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How do you measure tyre degredation through your setup?

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I'm trying to improve my understanding of setting the car up and how to get the most out of it. Things like cornering stability and straight line speed are (relatively) easy to measure but how can I quantify my tyre deg changes when refining my setup?

The best solution I have at the moment is to check the % tyre deg over 3/4 laps, come in, change setup and go again for 3/4 laps, checking my tyre deg % all the while. This is on the assumption that tyre deg remains constant (if our driving is consistent) over the tyre life, which the pre race strategies and tyre deg practice simulation suggest. However, as deg increases, my driving consistency drops and I lock up that bit more, enter corners a bit too fast etc etc. I feel all of this causes tyre deg to increase faster the older the tyres are and my races definitely suggest this.

Anyway, does anyone have a clever way to evaluate how they are doing on tyre deg when making setup changes?

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I think the most effective way to see your degradation is to perform the tire management test in free practice. Be sure to use all the compounds to get a rough idea. Ultimately, driving style has a greater effect on tire degradation than vehicle setup. 

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Yeah, I certainly do every tyre management test in practice but just on the one setup. Thanks, I'll try testing setups using the management test. I have heard that driving style will have a greater effect but I want to know how we can measure set up differences more than anything.

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Your camber settings make a large difference to your tyre wear. As you increase the angle of the tyre you're exerting the same amount of force on a smaller surface area of the tyre, thus subjecting it to more wear. Lower camber angles reduce this wear by dissipating that force somewhat, and also helps traction, which can improve traction which reduces wear coming out of slow corners, but can also cause front-end push/understeer in fast corners, which causes additional front tyre wear. Balance there is important.

Differential also affects wear. A locked diff increases it as the wheels find it harder to rotate at different speeds through a corner, so your rears may begin underrotating in a tight corner, causing understeer and skidding, but aiding straight line traction. Conversely, opening the diff allows the wheels more freedom in different speeds, which mitigates the underrotation and therefore the tyre wear, but will result in additional wheelspin on careless throttle application.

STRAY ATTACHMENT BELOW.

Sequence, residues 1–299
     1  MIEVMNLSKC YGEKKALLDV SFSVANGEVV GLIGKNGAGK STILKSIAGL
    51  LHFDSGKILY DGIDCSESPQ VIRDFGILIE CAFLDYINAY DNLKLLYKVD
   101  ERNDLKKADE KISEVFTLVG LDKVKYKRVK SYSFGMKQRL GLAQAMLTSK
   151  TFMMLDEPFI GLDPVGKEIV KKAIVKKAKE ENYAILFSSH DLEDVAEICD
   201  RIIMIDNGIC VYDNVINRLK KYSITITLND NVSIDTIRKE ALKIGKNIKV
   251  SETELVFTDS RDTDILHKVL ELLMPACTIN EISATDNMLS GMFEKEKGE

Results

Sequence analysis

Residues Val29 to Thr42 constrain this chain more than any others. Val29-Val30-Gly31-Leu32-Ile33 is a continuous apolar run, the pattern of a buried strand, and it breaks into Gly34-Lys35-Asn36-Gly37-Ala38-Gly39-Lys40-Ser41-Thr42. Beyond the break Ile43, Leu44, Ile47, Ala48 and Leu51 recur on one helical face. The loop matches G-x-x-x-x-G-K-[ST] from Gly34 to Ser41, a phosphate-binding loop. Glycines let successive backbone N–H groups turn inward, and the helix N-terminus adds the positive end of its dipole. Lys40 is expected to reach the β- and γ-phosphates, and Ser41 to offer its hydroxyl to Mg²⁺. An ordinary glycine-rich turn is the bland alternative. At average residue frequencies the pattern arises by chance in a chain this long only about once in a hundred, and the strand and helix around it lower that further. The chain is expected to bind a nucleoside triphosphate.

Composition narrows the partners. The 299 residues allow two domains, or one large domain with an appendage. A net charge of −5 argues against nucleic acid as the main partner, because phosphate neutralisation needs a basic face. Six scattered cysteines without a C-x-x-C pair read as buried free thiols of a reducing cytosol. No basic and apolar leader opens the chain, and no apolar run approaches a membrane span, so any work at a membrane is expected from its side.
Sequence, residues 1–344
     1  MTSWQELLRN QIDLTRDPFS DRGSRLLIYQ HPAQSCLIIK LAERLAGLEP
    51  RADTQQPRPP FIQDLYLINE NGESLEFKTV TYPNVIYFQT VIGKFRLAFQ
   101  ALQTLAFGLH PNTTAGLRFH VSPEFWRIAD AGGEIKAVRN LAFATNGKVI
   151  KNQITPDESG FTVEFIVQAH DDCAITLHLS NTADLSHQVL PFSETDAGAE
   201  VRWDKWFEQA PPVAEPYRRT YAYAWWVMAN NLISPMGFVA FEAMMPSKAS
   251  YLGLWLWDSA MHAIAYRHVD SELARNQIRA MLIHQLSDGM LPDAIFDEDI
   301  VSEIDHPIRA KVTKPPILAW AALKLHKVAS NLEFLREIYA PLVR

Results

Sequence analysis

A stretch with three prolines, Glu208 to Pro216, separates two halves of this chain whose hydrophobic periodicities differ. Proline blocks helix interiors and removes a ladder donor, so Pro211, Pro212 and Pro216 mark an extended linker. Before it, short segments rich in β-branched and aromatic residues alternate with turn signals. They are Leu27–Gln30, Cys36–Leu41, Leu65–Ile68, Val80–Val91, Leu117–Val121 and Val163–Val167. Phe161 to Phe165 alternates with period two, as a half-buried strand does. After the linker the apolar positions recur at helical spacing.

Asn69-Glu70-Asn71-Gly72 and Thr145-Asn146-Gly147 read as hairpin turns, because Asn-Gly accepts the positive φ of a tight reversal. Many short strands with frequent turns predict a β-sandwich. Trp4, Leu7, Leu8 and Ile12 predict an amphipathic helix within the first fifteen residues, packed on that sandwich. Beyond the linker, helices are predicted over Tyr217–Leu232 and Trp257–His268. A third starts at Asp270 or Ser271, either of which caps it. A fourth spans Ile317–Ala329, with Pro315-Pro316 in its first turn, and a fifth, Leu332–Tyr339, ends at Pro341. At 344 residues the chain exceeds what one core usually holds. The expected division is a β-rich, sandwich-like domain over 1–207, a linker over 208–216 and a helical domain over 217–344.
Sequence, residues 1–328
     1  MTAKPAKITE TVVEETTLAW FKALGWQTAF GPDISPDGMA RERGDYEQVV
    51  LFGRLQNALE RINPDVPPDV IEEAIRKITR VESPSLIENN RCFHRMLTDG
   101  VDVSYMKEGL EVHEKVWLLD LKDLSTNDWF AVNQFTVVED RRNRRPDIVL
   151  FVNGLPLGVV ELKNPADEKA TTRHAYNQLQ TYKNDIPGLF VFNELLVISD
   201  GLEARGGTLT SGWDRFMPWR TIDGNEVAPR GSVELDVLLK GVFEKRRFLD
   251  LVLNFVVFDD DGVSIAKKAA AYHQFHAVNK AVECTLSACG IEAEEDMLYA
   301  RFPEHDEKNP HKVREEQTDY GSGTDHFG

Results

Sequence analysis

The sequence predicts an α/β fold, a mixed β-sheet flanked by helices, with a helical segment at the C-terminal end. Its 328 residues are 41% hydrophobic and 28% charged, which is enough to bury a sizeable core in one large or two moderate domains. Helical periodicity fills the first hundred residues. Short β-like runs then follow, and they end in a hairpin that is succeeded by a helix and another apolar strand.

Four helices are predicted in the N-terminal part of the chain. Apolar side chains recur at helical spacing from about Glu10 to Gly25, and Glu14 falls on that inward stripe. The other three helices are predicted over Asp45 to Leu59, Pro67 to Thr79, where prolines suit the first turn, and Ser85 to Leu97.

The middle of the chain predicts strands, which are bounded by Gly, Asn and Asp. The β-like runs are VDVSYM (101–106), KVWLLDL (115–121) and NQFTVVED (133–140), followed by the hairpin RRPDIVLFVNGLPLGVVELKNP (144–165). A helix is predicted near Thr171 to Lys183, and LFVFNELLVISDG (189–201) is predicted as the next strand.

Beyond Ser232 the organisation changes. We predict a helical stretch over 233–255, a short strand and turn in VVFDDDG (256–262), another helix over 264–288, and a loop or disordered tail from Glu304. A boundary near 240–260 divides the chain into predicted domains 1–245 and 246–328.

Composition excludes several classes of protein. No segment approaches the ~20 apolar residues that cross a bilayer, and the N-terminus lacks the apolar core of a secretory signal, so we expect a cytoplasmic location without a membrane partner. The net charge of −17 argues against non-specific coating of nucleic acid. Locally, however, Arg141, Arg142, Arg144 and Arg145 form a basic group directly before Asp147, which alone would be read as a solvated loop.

Downforce also makes a small difference. Too much downforce means you overload the tyres in the corners and leads to overheating, blistering and increased wear. Too little downforces causes skidding and instability which leads to increased tyre wear. You need to find the sweet spot for the wings to maximise the performance/tyre wear balance.

Suspension also affects it. Too loose and your car will excessively lean on the outside tyres in a corner, leading to increased wear and slower speed, but too tight and the car will be too rigid in the corner and won't respond well to directional changes.

But like has been mention. Setup changes only go so far to mitigate tyre wear. Most tyre saving comes from a change in driving style. Brake earlier and gentler, ensuring to avoid lockups, coast through apexes, maximise traction out of slow corners, avoid wheelspin and drifting, and lift off the power through prolonged corners to avoid placing excess wear on a tyre. It'll cost you a few tenths per lap, but it might be worth it if it saves you a pit stop against everybody else. 

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Camber can make a difference but at the end of the day, your driving style is going to play a much bigger factor (mainly if you play no assists) for prolonging tire life.
Being smooth on the throttle, releasing pressure on brakes at the right time to avoid lockups, avoiding full lock through high speed turns will do more for making your tires go longer than  any setup will. 

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